FRIDAY, March 19 (HealthDay News) -- There is low risk of tuberculosis (TB) being transmitted between airline passengers, and, contrary to current World Health Organization guidelines, tracing and screening airline passengers who may have been exposed to TB is an inefficient use of limited resources for disease control, according to a review in the March issue of The Lancet Infectious Diseases.
Ibrahim Abubakar, Ph.D., of the University of East Anglia in Norwich, U.K., reviewed the medical literature and identified 39 studies that examined the risks of transmission of TB during commercial air travel. The author screened the studies and ultimately analyzed 13 studies that involved more than 4,328 airline passengers from six nations.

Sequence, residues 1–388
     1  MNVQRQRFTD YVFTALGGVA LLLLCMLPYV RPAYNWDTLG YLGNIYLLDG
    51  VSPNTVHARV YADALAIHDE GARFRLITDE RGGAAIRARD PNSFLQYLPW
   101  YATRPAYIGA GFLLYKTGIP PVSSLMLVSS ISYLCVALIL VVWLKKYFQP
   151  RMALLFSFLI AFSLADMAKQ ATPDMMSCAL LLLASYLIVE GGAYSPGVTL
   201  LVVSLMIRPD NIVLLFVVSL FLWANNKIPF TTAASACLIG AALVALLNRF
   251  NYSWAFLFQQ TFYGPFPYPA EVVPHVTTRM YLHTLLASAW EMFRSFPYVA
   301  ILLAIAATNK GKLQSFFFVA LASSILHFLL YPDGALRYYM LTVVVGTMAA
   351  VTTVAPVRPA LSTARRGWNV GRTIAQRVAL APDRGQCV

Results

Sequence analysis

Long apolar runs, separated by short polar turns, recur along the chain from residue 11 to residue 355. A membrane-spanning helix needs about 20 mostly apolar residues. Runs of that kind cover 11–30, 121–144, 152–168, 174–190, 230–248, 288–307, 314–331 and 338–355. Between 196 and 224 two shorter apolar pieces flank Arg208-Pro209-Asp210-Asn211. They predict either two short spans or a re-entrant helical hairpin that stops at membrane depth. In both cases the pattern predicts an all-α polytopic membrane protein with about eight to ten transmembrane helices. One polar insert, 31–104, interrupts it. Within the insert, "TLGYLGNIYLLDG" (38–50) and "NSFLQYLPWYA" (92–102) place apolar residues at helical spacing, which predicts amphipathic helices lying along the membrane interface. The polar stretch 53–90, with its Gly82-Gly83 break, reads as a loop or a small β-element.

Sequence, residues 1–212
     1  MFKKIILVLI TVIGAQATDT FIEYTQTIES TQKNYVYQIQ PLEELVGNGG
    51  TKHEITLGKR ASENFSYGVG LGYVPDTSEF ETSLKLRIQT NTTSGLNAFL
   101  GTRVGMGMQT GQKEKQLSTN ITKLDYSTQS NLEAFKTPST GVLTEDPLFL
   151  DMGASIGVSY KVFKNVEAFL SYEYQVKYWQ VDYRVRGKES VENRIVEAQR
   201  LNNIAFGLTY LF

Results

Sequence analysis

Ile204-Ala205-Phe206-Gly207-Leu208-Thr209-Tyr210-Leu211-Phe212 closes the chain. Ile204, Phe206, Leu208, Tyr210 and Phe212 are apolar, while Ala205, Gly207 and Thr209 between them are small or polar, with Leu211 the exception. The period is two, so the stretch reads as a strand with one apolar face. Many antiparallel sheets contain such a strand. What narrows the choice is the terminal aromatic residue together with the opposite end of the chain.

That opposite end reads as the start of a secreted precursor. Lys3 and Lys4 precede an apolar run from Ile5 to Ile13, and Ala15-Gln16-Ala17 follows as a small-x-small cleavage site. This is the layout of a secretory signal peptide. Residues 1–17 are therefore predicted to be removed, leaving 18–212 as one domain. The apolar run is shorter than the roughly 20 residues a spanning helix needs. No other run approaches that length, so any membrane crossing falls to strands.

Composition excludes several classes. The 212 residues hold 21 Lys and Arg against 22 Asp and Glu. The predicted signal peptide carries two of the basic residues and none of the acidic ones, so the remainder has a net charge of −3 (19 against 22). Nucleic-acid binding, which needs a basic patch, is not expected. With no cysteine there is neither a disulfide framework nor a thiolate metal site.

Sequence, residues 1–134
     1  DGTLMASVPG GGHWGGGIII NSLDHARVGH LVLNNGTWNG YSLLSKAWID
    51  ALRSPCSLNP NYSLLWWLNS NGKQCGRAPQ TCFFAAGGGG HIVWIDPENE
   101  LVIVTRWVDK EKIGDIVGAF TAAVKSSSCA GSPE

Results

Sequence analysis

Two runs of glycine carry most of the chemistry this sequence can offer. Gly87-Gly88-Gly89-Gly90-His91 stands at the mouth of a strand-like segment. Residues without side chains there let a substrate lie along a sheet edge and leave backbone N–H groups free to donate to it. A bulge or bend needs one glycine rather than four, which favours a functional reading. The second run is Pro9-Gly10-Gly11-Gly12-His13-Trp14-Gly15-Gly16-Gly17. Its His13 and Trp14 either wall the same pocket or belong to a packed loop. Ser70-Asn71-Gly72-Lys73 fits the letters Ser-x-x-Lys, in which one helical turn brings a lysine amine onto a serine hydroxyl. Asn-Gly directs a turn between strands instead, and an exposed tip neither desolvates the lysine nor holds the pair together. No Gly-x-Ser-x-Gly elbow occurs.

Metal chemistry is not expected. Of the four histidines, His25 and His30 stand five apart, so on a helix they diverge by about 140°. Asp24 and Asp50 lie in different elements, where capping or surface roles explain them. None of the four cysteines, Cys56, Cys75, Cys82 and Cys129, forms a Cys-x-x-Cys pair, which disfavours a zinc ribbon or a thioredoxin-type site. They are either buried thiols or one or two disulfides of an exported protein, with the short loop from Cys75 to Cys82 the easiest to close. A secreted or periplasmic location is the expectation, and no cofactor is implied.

Abubakar found that only two studies offered evidence of TB transmission associated with air travel, while the majority of studies did not. In total, 2,761 passengers and crew were screened in accordance with the WHO guidelines, yet only 10 were found to have converted from a negative to a positive tuberculin skin reaction. Significantly, there were no cases of active tuberculosis found that resulted from transmission during air travel.
"The analysis suggests that there is reason to doubt the value of actively screening air passengers for infection with Mycobacterium tuberculosis and that the resources used might be better spent addressing other priorities for the control of tuberculosis," the author writes.
The author reported he was a member of the working group that produced the third revision of the WHO guidelines and that he also chaired the European Center for Disease Prevention and Control working group on TB and air travel.